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The "Three Amigos" Get it Right by Pledging to Work on Transportation and Climate at the North American Leaders Summit

Amanda Maxwell

Posted February 20, 2014

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At the North American Leaders Summit in Toluca, Mexico yesterday, U.S. President Obama, Mexican President Peña Nieto and Canadian Prime Minister announced a series of actions they will take in the coming months and years to address economic growth, trade, energy, climate, education, innovation and security in the three countries. Importantly, that list included the commitment to high standards for fuel quality, heavy duty vehicle efficiency and vehicle emissions throughout North America.* Canada and the U.S. have already adopted such standards, and if Mexico follows suit –which this announcement pledges—this will be a major win that could bring environmental, health and economic benefits for millions of people in the region.

Why is this so important? To start, the air pollution from heavy and light duty vehicles in Mexico is a serious problem: it damages the environment, harms people’s health, exacerbates climate change, and separates Mexico’s fleet of vehicles from its northern neighbors. Diesel exhaust is particularly toxic to people: the International Agency for Research on Cancer has classified black carbon and particulate matter—both by-products of diesel combustion—as well as outdoor air pollution in general as carcinogens. In 2010 the World Health Organization reported that 14,700 people died in Mexico from outdoor air pollution.

Black carbon is also the second most powerful contributor to climate change (behind carbon dioxide), so reducing black carbon emissions is critical to helping mitigate climate change, which often manifests as the extreme weather events we have seen so much of in the past few years.

Mexico is a global player in the manufacturing of heavy and light duty vehicles, and it exports many of them to the U.S. and Canada. In 2013, more than 56 percent of the cars made in Mexico went to the U.S. and almost 22 percent went to Canada. Daimler Trucks, which has 48 percent of the market of the heavy duty trucks made in Mexico, exports 90 percent of its trucks abroad. Yet the trucks that stay in Mexico for domestic sale have to be built according to lesser standards. Consequently “a new heavy-duty vehicle sold in Mexico has 200 times higher emissions of black carbon, 80 times higher emissions of NOx (a critical precursor for ozone smog), and 40 times higher emissions” of particulate matter than those that go to the U.S., according to Kate Blumberg at the ICCT.

By harmonizing its fuel and vehicle standards with the rest of the region, Mexico’s government could see that all of these vehicles could be built according to the same standards, and goods and services could flow more freely to and from our markets – making it a significant issue for a high-level trilateral meeting like the one in Toluca yesterday.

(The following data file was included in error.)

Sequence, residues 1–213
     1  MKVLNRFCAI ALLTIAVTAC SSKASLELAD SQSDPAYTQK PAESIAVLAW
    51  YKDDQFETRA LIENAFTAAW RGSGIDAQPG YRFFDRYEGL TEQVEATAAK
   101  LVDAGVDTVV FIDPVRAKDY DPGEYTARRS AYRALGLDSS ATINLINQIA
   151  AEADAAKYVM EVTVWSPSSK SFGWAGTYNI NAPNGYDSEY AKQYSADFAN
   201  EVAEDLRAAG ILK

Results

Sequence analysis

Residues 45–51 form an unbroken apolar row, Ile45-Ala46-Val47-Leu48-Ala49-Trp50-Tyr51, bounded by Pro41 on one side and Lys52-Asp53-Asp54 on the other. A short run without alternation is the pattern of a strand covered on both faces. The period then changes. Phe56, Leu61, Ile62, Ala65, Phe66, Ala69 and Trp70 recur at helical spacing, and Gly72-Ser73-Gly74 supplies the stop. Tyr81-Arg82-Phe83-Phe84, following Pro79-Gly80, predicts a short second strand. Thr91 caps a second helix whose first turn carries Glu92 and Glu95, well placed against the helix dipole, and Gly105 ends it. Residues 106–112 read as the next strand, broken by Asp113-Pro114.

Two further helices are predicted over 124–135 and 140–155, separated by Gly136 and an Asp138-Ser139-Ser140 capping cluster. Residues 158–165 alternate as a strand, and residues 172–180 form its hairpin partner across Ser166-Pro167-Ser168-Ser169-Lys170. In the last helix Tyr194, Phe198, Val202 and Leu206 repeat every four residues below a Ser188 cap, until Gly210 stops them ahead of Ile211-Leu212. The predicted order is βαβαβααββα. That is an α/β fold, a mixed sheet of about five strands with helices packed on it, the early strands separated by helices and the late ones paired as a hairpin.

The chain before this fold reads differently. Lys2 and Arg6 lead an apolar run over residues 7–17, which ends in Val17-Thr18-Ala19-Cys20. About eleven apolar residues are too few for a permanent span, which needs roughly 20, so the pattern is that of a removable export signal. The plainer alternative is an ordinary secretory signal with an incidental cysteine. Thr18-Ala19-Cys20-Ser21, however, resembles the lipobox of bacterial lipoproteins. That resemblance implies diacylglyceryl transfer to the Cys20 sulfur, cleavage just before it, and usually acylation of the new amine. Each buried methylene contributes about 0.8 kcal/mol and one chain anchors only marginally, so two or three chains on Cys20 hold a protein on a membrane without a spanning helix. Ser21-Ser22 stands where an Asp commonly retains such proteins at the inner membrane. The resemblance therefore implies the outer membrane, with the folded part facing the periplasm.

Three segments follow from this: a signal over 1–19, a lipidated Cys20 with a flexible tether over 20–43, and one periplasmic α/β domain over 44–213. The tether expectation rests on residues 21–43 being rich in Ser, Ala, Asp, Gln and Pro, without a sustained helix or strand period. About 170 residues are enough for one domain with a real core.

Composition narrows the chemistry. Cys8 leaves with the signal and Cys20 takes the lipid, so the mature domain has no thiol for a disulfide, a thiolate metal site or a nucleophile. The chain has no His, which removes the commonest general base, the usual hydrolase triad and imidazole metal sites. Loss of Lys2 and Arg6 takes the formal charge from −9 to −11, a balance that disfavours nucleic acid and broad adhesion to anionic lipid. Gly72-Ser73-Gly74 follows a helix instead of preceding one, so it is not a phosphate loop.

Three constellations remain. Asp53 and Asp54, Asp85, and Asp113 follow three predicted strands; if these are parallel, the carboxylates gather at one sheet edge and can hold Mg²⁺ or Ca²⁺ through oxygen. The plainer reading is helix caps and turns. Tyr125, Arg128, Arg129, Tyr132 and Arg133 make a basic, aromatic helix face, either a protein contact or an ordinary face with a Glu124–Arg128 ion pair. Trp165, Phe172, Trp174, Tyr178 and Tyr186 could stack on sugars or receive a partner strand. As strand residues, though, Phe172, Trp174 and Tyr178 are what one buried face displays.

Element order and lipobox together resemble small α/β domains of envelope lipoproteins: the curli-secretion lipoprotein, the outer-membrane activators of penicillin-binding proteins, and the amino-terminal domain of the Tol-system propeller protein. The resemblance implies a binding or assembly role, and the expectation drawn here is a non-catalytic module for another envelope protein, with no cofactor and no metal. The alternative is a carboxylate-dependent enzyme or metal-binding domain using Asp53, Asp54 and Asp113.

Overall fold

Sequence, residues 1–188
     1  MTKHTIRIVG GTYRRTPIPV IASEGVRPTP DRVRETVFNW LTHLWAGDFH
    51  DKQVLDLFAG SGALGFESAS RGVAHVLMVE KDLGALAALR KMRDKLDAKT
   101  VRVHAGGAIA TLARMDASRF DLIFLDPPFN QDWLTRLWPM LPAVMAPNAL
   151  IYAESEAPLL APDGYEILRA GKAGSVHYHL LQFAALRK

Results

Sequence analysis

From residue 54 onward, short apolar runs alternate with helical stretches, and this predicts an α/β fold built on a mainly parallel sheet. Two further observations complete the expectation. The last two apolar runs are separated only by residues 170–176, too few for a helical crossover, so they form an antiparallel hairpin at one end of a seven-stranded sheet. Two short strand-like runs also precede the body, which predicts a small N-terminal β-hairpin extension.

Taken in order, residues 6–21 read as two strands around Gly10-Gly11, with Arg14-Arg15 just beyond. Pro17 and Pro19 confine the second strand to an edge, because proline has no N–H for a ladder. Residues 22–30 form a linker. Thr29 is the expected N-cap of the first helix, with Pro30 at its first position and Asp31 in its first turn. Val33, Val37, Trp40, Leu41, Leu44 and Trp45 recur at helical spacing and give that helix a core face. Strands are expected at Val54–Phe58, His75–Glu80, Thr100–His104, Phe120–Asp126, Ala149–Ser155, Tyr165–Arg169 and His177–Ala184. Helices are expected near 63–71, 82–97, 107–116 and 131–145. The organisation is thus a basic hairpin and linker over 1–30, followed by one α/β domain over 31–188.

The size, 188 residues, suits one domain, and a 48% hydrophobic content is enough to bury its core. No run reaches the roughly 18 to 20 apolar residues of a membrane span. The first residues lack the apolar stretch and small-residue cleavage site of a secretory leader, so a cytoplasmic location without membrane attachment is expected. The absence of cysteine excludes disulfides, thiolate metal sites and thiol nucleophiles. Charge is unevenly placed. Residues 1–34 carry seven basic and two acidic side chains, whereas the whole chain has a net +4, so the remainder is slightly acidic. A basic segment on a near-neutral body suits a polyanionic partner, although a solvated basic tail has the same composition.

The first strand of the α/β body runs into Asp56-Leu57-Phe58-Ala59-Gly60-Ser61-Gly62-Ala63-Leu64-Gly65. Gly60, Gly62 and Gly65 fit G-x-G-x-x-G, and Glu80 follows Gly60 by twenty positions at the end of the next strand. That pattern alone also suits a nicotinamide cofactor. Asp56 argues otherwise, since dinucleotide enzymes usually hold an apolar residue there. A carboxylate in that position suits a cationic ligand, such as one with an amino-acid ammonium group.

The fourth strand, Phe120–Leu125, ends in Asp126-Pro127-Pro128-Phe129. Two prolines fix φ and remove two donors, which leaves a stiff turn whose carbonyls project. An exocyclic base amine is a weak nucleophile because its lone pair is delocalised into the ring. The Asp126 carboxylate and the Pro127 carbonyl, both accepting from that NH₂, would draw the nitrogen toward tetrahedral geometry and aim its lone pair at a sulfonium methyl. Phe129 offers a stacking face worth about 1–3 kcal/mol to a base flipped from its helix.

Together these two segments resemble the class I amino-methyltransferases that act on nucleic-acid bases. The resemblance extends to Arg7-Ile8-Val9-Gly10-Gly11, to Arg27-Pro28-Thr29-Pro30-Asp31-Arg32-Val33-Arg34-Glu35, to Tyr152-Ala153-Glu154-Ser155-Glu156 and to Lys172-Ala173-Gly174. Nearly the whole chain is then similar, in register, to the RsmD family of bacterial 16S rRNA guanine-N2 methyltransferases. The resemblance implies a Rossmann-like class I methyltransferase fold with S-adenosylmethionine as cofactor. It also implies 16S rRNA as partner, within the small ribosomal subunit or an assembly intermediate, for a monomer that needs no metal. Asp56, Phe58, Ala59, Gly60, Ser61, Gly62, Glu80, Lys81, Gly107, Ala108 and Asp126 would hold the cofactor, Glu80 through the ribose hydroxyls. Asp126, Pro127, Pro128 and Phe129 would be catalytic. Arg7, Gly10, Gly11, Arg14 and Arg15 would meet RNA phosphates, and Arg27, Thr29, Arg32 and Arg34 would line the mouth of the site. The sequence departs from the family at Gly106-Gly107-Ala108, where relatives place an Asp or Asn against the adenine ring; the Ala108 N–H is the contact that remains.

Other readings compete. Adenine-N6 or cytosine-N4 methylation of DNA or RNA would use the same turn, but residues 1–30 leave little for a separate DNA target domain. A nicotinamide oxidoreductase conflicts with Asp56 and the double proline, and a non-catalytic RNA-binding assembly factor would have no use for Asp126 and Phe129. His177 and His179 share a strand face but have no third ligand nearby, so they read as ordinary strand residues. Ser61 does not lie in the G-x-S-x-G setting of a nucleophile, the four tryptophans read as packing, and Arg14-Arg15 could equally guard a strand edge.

Mexico has been working for years on adopting and implementing standards that require the use of cleaner fuels and that regulate the efficiency of and emissions from vehicles. Yet to date, there has not been any real success. If this trilateral commitment can speed up Mexico’s adoption and implementation of standards for cleaner fuels and vehicles, these three leaders can count it as a major mutual success – a success that will bring benefits to millions of people throughout the region.

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*Other relevant commitments included on the list of action items from the North American Leaders Summit include:

  • Creating a North American Transportation Plan, starting with freight planning.
  • Holding a North American Energy Ministers Meeting in 2014 in order to define areas for strong trilateral cooperation on energy.
  • Supporting efforts to reinvigorate the Commission for Environmental Cooperation.
  • Continue trilateral work under the Montreal Protocol to phase down HFC production and consumption.
  • Continuing trilateral coordination in the Climate and Clean Air Coalition.
  • Declaring North American adherence to high standards in fuel quality, emissions standards, and fuel efficiency for heavy-duty vehicles.

Source: White House Fact Sheet: Key Deliverables for the 2014 North American Leaders Summit

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Peter CrownfieldFeb 21 2014 07:11 AM

You say that 'Canada and the U.S. have already adopted such standards...', but U.S. emission standards are weak.

+ The higher vehicle standards allow the automakers to continue to push large sedans, SUVs, and other gas-guzzling vehicles that are considered separately in evaluating overall fleet efficiency.

+ While a few states regulate idling, many do not -- or have standards that are too loose and not enforced.

+ Meanwhile, the EPA dropped its important program for retrofitting Diesel engines with particulate filters and exhaust-recirculation systems to reduce PM2.5 from on-road vehicles. Among the worst offenders are school buses, which envelope young children in toxic fumes as the board and depart the buses.

+ Any improvements in regulating off-road equipment won't show up for years, because this equipment typically has a long service life -- and this equipment is also often allowed to idle for long periods of time.

+ Most railroads still do not use idle-reduction technology that can reduce emissions dramatically.

In addition to vehicle emissions, home heating, especially in the northeast, produces thousands of tons of PM2.5 [+ Sox emissions that also produce PM2.5] and the sulfur content is not regulated in most states.

All things considered, I would say the U.S. is doing a very poor job of reducing these emissions.

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